Stroke Boundary Analysis for Identification of Drawing Tools

  • Paul Kammerer
  • Georg Langs
  • Robert Sablatnig
  • Ernestine Zolda
Conference paper
Part of the Lecture Notes in Computer Science book series (LNCS, volume 2905)


An algorithm for the automatic identification of drawing tools based on the appearance of the stroke boundary is presented. The purpose of this stroke analysis is the determination of drawing tools in underdrawings – the basic concept of an artist – in ancient panel paintings. This information allows significant support for a systematic stylistic approach in the analysis of paintings. Up to now the identification of drawing tools is performed by an expert visually. Our tool will support the expert to investigate larger numbers of underdrawings, provides objective and reproducible information and simplifies comparison of different underdrawings. Stroke analysis in paintings is related to the extraction and recognition of handwritings, therefore similar techniques to stroke analysis are used. Following the segmentation, the approximation of the stroke boundary is done by active contours with different parameters. Deviations between a rigid and elastic “snake” are used as descriptive features for differentiation between drawing tools. Results of the algorithm are presented for sets of three different types of strokes.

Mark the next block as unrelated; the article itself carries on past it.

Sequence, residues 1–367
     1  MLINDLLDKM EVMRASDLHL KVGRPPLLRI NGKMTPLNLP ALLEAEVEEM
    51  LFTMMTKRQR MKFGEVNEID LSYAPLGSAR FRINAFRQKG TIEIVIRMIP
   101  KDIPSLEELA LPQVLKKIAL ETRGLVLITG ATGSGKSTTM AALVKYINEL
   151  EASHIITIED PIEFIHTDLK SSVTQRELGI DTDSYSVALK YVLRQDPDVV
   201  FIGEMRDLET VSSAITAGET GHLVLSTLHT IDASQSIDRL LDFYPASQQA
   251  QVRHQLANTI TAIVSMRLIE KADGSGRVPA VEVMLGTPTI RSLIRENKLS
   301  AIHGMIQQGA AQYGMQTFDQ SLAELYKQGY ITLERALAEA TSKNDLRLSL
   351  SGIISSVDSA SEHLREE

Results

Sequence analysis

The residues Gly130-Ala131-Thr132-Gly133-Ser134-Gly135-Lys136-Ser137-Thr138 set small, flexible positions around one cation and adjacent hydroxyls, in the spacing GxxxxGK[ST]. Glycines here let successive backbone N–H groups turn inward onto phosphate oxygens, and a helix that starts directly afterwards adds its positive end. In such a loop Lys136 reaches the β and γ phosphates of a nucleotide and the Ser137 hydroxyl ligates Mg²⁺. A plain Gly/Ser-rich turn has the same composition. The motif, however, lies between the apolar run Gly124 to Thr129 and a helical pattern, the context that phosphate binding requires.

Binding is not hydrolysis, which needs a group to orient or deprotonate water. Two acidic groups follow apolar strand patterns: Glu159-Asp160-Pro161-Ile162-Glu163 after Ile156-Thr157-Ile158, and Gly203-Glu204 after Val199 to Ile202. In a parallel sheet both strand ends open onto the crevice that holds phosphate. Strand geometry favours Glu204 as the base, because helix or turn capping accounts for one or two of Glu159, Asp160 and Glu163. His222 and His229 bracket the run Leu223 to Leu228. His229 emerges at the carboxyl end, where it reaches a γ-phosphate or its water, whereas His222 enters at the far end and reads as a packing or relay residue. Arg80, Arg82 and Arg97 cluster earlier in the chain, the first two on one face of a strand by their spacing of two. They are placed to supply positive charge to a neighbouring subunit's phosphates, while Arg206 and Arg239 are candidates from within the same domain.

Active Contour Test Panel Segmentation Step Polygonal Boundary Drawing Tool 
These keywords were added by machine and not by the authors. This process is experimental and the keywords may be updated as the learning algorithm improves.


  1. 1.
    Kammerer, P., Langs, G., Sablatnig, R., Zolda, E.: Stroke segmentation in infrared reflectograms. In: Bigun, J., Gustavsson, T. (eds.) SCIA 2003. LNCS, vol. 2749, pp. 1138–1145. Springer, Heidelberg (2003)CrossRefGoogle Scholar
  2. 2.
    Van Asperen de Boer, J.R.J.: Infrared Reflectography. - A Contribution to the Examination of Earlier European Paintings. PhD thesis, Univ. Amsterdam (1970)Google Scholar
  3. 3.
    Bomford, D. (ed.): Art in the Making, Underdrawings in Renaissance Paintings. National Gallery, London (2002)Google Scholar
  4. 4.
    Plamondon, R., Srihari, S.N.: On-line and off-line handwriting recognition: A comprehensive survey. Trans. on Pattern Analysis and Machine Intelligence 22(1), 63–84 (2000)CrossRefGoogle Scholar
  5. 5.
    Doermann, D.S., Rosenfeld, A.: Recovery of temporal information from static images of handwriting. International Journal of Computer Vision 52(1-2), 143–164 (1994)Google Scholar
  6. 6.
    Xu, C., Prince, J.L.: Snakes, shapes and gradient vector flow. IEEE Transactions on image Processing 7(3), 359–369 (1998)zbMATHMathSciNetCrossRefGoogle Scholar
  7. 7.
    Langs, G., Bischof, H., Peloschek, P.L.: Automatic quantification of destructive changes caused by rheumatoid arthritis. Technical Report 79, Vienna University of Technology, Pattern Recognition and Image Processing Group (2003)Google Scholar
  8. 8.
    L’Homer, E.: Extraction of strokes in handwritten characters. Pattern Recognition 33(7), 1147–1160 (1999)CrossRefGoogle Scholar

Copyright information

© Springer-Verlag Berlin Heidelberg 2003

Authors and Affiliations

  • Paul Kammerer
    • 1
  • Georg Langs
    • 1
  • Robert Sablatnig
    • 1
  • Ernestine Zolda
    • 1
  1. 1.PRIPVienna University of TechnologyViennaAUSTRIA

Personalised recommendations